Walter Mosely’s latest novel is called "Every Man a King." (Graphic/Matthew Litman-Forward; Photos/Amy Sussman-Getty Images and courtesy of Walter Mosley)
Walter Mosely’s latest novel is called "Every Man a King." (Graphic/Matthew Litman-Forward; Photos/Amy Sussman-Getty Images and courtesy of Walter Mosley)

Walter Mosley talks about his new detective novel, race, antisemitism — and his Jewish mother

With his 1990 debut novel, Devil in a Blue Dress, crime writer Walter Mosley introduced readers to a new kind of hard-boiled hero: a Black private eye navigating a racist world.

Sixty books and three decades later, Mosley, the first Black man to win the National Book Award’s Medal for Distinguished Contribution to American Letters, has published his latest novel, “Every Man a King.” This time the hero is a Black ex-cop named Joe King Oliver investigating a white supremacist.

“And it’s the same thing, right?” Mosley, 71, told me. “A Black detective in a racist world.”

The theme reflects Mosley’s own experience as a Black man in America. But Mosley is also a Jewish man whose mother had a profound influence on his politics and the complicated stories he tells about love and loyalty, race and power, wealth and capitalism.

Mosley’s mother, Ella Slatkin, moved from New York to LA after college and met Mosley’s father in a school where he was a custodian and she was a personnel clerk. Mosley grew up in LA surrounded by his mother’s extended family, all immigrants from Russia and other parts of Eastern Europe.

“All of them were intellectuals,” Mosley said. “Most of them were Trotskyites — you know, Trotsky was Jewish. And of course they all spoke Yiddish.” But Judaism wasn’t a “religious thing that drove them. It was a cultural thing. It was also political, and so a lot of the ideas and the politics in my books come out of my mom and what she talked about living in America.”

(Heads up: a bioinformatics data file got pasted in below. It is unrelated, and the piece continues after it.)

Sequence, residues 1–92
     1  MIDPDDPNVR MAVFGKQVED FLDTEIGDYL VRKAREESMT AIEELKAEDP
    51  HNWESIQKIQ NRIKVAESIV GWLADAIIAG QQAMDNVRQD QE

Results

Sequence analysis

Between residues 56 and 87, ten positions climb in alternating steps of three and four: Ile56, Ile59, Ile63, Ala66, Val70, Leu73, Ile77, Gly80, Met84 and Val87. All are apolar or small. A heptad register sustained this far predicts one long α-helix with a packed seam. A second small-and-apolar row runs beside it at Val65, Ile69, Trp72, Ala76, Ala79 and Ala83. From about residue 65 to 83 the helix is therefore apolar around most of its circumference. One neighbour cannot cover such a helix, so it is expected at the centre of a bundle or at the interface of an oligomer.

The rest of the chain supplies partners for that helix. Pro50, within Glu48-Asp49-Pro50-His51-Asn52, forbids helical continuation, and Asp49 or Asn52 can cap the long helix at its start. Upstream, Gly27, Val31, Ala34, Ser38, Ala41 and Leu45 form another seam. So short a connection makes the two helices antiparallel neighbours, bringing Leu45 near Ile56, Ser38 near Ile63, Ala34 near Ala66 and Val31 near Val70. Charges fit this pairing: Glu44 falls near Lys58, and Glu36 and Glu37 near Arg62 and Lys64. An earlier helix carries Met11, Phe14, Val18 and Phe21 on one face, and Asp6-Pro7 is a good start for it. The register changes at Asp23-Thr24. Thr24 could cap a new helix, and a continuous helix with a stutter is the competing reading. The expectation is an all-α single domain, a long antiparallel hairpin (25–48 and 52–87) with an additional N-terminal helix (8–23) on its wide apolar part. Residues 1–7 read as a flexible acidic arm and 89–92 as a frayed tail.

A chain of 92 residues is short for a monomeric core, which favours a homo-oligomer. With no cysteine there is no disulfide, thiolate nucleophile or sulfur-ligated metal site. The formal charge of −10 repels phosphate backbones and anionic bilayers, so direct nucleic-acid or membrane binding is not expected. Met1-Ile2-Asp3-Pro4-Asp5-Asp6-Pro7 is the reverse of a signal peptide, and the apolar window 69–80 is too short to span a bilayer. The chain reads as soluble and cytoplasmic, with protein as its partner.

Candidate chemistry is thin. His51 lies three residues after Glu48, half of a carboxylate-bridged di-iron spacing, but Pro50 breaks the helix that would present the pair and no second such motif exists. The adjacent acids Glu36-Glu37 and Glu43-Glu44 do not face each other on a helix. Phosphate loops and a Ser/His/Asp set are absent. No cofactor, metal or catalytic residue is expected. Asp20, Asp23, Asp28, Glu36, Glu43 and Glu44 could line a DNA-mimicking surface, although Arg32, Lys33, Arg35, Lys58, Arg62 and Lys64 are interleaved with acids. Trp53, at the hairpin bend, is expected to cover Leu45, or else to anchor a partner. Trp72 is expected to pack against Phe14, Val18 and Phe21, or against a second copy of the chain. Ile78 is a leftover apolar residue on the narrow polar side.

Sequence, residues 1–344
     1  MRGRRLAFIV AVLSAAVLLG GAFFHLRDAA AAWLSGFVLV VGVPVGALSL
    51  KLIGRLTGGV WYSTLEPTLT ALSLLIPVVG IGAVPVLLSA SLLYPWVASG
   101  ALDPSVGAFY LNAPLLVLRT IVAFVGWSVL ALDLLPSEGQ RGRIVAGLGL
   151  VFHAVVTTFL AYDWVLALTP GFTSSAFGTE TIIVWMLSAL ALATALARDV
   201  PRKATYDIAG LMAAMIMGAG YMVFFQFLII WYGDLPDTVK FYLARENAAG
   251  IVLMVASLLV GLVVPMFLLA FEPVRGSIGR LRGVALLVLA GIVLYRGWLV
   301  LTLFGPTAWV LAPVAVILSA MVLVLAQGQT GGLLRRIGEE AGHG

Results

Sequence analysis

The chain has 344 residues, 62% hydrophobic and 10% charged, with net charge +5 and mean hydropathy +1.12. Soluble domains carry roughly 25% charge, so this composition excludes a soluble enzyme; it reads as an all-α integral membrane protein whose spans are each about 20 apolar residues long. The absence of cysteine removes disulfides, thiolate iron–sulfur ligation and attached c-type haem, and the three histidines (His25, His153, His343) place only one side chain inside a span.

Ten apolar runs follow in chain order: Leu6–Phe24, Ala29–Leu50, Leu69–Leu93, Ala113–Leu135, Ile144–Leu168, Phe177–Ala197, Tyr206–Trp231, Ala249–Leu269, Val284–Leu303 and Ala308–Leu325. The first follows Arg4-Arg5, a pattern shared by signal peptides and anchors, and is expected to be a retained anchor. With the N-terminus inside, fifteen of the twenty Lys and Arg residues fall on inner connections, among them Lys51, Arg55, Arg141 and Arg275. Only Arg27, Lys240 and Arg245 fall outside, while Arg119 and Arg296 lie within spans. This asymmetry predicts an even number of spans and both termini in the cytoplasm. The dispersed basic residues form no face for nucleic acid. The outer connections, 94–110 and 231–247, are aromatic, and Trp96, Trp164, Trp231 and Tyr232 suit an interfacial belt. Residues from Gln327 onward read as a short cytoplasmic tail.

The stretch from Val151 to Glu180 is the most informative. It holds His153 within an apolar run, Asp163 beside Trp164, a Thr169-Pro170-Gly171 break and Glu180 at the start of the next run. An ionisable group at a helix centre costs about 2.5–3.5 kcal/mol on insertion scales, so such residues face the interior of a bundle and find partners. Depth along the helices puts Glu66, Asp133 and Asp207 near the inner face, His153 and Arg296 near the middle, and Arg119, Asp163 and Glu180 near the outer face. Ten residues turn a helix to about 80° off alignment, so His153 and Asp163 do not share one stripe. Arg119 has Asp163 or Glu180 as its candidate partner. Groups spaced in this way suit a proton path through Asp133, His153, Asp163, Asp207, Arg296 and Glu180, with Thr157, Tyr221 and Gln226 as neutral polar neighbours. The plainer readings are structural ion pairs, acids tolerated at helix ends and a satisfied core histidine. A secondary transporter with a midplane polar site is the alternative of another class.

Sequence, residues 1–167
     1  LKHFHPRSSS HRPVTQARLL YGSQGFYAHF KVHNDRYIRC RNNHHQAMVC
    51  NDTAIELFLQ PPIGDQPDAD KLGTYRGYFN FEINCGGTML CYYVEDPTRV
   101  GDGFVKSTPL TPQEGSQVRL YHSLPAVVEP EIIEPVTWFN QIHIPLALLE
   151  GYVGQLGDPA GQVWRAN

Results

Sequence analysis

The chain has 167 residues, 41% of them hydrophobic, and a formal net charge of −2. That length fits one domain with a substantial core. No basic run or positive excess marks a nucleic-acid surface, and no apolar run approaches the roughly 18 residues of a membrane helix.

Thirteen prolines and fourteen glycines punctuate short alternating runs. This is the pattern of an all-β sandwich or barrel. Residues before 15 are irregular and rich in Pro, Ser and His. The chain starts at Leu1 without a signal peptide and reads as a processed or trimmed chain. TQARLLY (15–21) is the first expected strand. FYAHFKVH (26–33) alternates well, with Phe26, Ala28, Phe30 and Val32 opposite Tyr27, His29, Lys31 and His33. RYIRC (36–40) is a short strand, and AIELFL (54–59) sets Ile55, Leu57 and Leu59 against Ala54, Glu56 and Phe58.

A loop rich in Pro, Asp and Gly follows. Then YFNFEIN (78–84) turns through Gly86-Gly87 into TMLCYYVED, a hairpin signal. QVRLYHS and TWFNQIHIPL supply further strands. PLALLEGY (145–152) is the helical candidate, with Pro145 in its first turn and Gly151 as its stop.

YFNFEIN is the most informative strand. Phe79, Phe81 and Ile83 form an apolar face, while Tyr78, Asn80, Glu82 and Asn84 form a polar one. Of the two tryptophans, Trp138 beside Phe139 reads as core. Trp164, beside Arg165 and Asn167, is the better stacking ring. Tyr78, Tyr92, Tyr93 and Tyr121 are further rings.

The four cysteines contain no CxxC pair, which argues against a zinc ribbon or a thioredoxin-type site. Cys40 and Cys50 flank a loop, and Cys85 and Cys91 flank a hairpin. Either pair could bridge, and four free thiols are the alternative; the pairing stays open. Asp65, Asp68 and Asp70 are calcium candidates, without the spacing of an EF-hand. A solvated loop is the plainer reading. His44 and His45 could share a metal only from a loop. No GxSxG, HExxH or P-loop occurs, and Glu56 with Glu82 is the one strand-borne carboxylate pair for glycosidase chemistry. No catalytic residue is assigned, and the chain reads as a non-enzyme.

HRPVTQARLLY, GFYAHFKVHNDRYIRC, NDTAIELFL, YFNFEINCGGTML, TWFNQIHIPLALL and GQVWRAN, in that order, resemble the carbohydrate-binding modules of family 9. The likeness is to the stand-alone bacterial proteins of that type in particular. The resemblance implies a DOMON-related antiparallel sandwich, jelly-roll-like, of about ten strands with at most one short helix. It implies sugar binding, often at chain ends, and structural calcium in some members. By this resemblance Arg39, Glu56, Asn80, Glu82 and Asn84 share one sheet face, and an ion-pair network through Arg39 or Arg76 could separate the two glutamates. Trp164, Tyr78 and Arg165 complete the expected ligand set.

Did his mother’s family accept him, a biracial boy? “There was never a moment where I felt ostracized or ignored,” he said. “I got along great with them, hanging out with them, doing things with them. They were wonderful.” He paused wistfully to remember his favorite, Uncle Chaim, 80 years old and 4 feet 9 inches, who’d been a tailor in the old country: “I just loved him.”

The food at those family gatherings was good, too. His mother’s cousin Lily made matzo ball soup, roast chicken and knishes — though in the cultural melting pot that was LA, she used wonton skins to wrap the knishes.

In many ways, Mosley said, it was easier to be Jewish than Black in the 1950s and ’60s. “America is such an unbelievably racist country,” he said. “At the time that I was born and being raised, it wasn’t such an issue if you were Jewish. It is now, but it wasn’t then. And so with the police, and the politics, and the schools, we were dealing with me being Black in America, and so I had to relate to things in that way.”

Wait — it wasn’t an issue to be Jewish then, but “it is now”? Meaning what?